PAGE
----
ACS/WFC 10550

The Nature of LSB galaxies revealed by their Globular Clusters

Low Surface Brightness {LSB} galaxies encompass many of the extremes in galaxy properties. Their understanding is essential to complete our picture of galaxy formation and evolution. Due to their historical under-representation on galaxy surveys, their importance to many areas of astronomy has only recently began to be realized. Globular clusters are superb tracers of the formation histories of galaxies and have been extensively used as such in high surface brightness galaxies. We propose to investigate the nature of massive LSB galaxies by studying their globular cluster systems. No globular cluster study has been reported for LSB galaxies to date. Yet, both the presence or absence of globular clusters set very strong constraints on the conditions prevailing during LSB galaxy formation and evolution. Both in dwarf and giant high surface brightness {HSB} galaxies, globular clusters are known to form as a constant fraction of baryonic mass. Their presence/absence immediately indicates similarities or discrepancies in the formation and evolution conditions of LSB and HSB galaxies. In particular, the presence/absence of metal-poor halo globular clusters infers similarities/differences in the halo formation and assembly processes of LSB vs. HSB galaxies, while the presence/absence of metal-rich globular clusters can be used to derive the occurrence and frequency of violent events {such as mergers} in the LSB galaxy assembly history. Two band imaging with ACS will allow us to identify the globular clusters {just resolved at the selected distance} and to determine their metallicity {potentially their rough age}. The composition of the systems will be compared to the extensive census built up on HSB galaxies. Our representative sample of six LSB galaxies {cz < 2700 km/s} are selected such, that a large system of globular clusters is expected. Globular clusters will constrain phases of LSB galaxy formation and evolution that can currently not be probed by other means. HST/ACS imaging is the only facility capable of studying the globular cluster systems of LSB galaxies given their distance and relative scarcity.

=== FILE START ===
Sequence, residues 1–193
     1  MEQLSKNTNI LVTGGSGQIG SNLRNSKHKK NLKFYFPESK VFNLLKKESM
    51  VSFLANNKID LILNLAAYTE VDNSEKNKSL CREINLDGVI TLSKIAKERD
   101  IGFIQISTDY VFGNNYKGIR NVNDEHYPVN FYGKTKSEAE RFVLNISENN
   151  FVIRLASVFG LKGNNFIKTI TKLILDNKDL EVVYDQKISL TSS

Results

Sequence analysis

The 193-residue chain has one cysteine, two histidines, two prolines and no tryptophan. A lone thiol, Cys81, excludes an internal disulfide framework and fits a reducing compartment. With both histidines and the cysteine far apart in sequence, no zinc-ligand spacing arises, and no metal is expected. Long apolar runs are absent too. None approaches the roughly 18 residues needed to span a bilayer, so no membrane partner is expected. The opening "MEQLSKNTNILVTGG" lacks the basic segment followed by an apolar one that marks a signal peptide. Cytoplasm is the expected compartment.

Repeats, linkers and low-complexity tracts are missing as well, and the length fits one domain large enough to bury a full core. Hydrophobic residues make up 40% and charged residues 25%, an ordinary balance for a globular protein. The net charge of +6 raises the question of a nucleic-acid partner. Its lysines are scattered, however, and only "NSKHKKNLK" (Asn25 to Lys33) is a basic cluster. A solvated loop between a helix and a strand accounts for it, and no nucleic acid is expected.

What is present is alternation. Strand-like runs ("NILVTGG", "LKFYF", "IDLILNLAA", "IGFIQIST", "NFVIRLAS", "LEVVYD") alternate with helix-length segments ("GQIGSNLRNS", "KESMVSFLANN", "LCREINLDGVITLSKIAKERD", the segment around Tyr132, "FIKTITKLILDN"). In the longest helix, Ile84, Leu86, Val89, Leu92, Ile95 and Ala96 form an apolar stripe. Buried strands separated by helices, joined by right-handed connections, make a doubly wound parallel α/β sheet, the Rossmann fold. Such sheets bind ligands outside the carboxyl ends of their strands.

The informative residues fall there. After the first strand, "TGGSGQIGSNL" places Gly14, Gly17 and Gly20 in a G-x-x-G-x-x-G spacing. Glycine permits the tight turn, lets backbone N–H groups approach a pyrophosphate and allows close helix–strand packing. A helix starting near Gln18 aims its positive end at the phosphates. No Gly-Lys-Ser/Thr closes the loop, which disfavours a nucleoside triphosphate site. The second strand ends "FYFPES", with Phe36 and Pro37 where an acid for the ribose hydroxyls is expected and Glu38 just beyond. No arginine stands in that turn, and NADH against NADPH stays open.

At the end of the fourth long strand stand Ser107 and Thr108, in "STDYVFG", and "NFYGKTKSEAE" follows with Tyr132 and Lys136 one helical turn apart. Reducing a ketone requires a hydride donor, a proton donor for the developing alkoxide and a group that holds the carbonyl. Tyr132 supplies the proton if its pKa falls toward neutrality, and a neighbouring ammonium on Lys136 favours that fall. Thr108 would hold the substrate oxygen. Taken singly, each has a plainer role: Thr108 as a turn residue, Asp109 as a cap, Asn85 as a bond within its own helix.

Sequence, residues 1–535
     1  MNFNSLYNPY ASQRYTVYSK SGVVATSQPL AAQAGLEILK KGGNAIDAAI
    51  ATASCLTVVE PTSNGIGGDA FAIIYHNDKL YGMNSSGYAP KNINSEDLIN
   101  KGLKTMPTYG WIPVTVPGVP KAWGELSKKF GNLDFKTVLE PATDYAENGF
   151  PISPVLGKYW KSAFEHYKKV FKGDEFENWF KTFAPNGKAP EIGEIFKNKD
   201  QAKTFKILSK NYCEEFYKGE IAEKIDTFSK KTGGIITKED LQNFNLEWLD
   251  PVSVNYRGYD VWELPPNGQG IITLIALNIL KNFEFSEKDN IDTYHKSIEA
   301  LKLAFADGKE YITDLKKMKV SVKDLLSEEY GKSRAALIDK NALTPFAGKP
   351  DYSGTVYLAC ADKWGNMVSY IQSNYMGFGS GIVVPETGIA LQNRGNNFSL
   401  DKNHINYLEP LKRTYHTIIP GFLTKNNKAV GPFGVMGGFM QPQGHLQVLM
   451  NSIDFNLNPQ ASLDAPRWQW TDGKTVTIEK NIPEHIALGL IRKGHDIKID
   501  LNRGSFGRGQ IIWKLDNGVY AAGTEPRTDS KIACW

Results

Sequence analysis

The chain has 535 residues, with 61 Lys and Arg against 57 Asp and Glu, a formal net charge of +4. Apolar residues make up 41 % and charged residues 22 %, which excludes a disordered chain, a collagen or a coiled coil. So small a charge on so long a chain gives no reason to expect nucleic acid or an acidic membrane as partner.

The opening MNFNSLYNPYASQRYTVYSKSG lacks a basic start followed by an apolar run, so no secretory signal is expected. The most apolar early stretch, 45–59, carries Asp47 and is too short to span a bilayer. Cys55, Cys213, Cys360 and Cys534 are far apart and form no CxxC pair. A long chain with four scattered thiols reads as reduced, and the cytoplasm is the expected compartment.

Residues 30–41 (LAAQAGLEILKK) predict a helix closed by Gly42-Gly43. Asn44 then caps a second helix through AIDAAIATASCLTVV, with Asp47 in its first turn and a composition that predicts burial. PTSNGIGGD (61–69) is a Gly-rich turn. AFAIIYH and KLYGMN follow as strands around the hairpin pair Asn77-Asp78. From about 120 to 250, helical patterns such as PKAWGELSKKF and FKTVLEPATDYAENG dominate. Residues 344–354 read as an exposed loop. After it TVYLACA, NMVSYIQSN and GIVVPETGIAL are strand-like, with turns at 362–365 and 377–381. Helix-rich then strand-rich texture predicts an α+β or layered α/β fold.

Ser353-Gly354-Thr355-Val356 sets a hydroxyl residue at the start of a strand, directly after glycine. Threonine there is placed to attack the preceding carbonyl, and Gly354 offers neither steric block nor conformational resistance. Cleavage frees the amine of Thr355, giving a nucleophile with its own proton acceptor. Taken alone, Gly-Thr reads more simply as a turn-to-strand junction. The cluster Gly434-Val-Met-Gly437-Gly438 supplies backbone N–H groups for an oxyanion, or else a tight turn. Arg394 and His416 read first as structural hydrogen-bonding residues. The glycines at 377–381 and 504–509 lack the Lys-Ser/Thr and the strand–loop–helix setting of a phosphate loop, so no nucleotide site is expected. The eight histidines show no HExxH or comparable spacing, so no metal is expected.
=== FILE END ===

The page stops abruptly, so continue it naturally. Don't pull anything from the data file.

FGS 10610

Astrometric Masses of Extrasolar Planets and Brown Dwarfs

We propose observations with HST/FGS to estimate the astrometric elements {perturbation orbit semi-major axis and inclination} of extra-solar planets orbiting six stars. These companions were originally detected by radial velocity techniques. We have demonstrated that FGS astrometry of even a short segment of reflex motion, when combined with extensive radial velocity information, can yield useful inclination information {McArthur et al. 2004}, allowing us to determine companion masses. Extrasolar planet masses assist in two ongoing research frontiers. First, they provide useful boundary conditions for models of planetary formation and evolution of planetary systems. Second, knowing that a star in fact has a plantary mass companion, increases the value of that system to future extrasolar planet observation missions such as SIM PlanetQuest, TPF, and GAIA.


Significant Spacecraft Anomalies: (The following are preliminary reports of potential non-nominal performance that will be investigated.)


9933 – GSAcq (1,2,2) resulted in fine lock backup (1,0,1) on FGS-1 @ 245/0413z Previous OBAD #1 results: -212.74, -488.23, 534.56, 754.57.   Previous OBAD #2 results: 1.87, -9.93, 1.48, 10.22.


17532-3 – Power off Gyro 4 after TGS Transition @ 244/2248z


                             SCHEDULED     SUCCESSFUL 
 FGS Gsacq                 10                       10 
 FGS Reacq                   4                        4 
 OBAD with Maneuver    28                       28 

FAD from OBAD with No Maneuver – 8


Flash Report for Gyro 4 Power Off  – September 1, 2005

Gyro 4 was turned off. Operations Request 17532-3 was executed at 244/22:47 with the gyro power off command sent at 22:47:29.

SpaceRef staff editor.